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Turkey: Negligence in child abuse case triggers protests

Opposition MPs accuse government of protecting alleged perpetrators in child sexual abuse case for past two years
CHP leader Kemal Kilicdaroglu protests outside the justice ministry with members of his party in Ankara on 12 December 2022 (CHP)

The leader of Turkey's main opposition party staged a protest outside the justice ministry building on Monday to criticise what he called a weak response from the government to a child abuse case that stunned the country last week. 

Kemal Kilicdaroglu, the chairman of the Republican People’s Party (CHP), said that the ministry has known about the case for the past two years and has not taken any action to bring the suspects to justice. 

The case of a woman who, in 2020, filed a complaint against her ex-husband and her parents, whom she accuses of forcibly marrying her off when she was six, sparked outcry in Turkey.

The woman's father is an influential leader of a religious order, of which the ex-husband is also a member.

Now 24 and divorced, the woman claims to have been sexually abused since the age of six.

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"Who have you been hiding behind for two years? Who is pressuring you not to make any arrests?" said Kilicdaroglu, addressing the government during a televised statement in the capital Ankara.

Some news reports claimed that in 2020 prosecutors asked for the arrest of the father and the ex-husband, but the court, for unknown reasons, did not grant the request.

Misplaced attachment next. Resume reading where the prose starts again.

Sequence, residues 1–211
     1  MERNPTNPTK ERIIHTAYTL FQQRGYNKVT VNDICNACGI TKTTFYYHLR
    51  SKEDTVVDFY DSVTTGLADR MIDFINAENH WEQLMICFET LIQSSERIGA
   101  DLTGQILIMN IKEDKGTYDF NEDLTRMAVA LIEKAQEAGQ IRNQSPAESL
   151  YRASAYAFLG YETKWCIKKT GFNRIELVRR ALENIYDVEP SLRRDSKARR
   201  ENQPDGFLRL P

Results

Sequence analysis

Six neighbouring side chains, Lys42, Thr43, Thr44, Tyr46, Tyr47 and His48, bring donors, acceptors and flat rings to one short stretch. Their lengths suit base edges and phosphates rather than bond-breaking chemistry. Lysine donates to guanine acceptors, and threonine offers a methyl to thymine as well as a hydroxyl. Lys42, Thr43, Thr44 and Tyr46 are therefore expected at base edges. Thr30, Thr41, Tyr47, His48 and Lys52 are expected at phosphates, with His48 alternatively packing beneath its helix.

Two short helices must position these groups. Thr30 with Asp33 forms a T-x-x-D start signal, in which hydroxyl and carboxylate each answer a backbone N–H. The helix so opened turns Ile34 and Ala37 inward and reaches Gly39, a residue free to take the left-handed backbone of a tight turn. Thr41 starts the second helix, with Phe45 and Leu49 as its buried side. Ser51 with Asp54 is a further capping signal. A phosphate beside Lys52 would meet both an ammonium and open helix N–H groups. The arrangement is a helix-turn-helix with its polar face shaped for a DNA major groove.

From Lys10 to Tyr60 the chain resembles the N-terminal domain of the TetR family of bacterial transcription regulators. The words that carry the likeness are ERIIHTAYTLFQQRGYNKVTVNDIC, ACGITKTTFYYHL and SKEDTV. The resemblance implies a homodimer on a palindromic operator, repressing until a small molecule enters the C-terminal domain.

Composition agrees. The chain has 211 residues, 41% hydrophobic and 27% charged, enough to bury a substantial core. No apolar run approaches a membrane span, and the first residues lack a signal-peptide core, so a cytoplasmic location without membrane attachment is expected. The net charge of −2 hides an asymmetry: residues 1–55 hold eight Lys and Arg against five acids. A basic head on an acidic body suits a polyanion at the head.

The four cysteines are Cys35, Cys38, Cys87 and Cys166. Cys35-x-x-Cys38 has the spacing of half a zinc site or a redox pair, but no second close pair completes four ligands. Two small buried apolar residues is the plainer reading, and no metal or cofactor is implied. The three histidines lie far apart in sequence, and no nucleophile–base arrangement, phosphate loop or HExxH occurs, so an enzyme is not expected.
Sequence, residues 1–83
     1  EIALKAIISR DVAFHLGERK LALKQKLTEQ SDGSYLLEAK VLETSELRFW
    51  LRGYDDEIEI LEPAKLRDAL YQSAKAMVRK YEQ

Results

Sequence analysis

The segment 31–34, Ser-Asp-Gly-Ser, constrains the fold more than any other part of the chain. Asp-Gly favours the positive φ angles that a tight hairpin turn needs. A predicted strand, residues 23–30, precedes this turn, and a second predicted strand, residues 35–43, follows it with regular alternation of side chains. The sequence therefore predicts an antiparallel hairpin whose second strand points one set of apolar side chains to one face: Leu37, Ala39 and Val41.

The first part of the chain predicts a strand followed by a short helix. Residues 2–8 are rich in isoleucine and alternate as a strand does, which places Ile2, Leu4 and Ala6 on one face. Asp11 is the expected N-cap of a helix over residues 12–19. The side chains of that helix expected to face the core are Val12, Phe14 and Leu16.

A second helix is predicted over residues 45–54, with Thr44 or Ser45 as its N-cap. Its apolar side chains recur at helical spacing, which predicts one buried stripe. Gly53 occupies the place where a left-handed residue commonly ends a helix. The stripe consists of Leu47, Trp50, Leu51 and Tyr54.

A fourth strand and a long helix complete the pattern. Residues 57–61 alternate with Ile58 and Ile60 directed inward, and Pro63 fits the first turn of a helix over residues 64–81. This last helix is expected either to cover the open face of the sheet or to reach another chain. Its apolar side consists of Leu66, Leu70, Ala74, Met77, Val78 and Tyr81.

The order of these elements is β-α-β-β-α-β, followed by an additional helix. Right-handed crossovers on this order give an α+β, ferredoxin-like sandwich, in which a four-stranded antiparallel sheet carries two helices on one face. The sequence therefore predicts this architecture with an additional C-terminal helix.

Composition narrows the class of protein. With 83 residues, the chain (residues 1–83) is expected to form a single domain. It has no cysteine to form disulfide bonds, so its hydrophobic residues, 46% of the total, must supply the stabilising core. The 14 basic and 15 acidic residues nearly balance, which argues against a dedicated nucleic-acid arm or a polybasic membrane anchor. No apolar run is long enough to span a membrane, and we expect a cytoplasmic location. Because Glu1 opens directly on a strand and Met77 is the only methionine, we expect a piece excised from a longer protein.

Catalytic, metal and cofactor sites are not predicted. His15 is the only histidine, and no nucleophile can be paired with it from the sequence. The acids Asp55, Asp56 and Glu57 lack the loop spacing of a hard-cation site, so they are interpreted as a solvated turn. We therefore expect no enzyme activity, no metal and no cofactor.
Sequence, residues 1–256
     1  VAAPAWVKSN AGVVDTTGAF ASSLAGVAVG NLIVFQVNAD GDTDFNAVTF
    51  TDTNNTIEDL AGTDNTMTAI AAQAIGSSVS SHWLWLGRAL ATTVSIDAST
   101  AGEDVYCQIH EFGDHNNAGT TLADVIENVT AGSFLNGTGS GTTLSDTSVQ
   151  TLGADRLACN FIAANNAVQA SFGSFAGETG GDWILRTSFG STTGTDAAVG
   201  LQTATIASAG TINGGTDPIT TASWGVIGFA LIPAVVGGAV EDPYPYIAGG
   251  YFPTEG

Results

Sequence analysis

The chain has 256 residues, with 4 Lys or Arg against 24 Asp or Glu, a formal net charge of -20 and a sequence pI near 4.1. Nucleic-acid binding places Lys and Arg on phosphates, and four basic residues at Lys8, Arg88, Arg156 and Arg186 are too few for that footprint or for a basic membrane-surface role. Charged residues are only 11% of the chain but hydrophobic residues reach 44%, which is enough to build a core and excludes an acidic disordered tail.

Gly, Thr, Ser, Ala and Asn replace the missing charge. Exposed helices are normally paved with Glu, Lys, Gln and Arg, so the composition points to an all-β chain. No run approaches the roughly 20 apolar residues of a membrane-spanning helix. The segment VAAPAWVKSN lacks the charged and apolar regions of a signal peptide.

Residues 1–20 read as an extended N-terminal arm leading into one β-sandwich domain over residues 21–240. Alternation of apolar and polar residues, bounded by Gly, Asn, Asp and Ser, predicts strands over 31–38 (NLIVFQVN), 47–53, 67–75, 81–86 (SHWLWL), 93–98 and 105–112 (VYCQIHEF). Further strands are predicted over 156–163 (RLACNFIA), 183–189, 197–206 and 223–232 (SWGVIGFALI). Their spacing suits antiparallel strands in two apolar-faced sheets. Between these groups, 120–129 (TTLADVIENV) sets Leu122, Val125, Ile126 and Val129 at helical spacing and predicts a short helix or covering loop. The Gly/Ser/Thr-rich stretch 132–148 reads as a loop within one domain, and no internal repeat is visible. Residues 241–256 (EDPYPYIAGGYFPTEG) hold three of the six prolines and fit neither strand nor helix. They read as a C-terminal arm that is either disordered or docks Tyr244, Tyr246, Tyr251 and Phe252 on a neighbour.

Tensions rose in the Turkish parliament on Saturday, when opposition MPs strongly protested against ministers they accused of inaction over the case. 

Opposition lawmakers, some holding protest placards, chanted "the child spoke, you kept silent, but we will not be silent" and "resign", as Family Minister Derya Yanik addressed the budget debates in the Turkish assembly.

Many MPs also banged on their benches and booed the minister. When Interior Minister Suleyman Soylu spoke, elected officials threw up their placards in protest. 

Timur Soykan, the Turkish journalist who exposed the case, has been the target of a social media campaign by conservative groups, accusing him of being "insulting to Islam", since he published excerpts from the woman's deposition on 3 December.

The Turkish opposition accuses the conservative government of Recep Tayyip Erdogan of leniency towards religious orders and of not taking the necessary measures to protect minors entrusted to these groups by their parents.

“Child sexual abuse and violence against women is a subject that goes beyond politics. We cannot tolerate that victims are used for political purposes,” said Yanik.

Yanik also added that the family ministry itself was among the plaintiffs and the government has been doing everything possible under law to bring the suspects to justice. 

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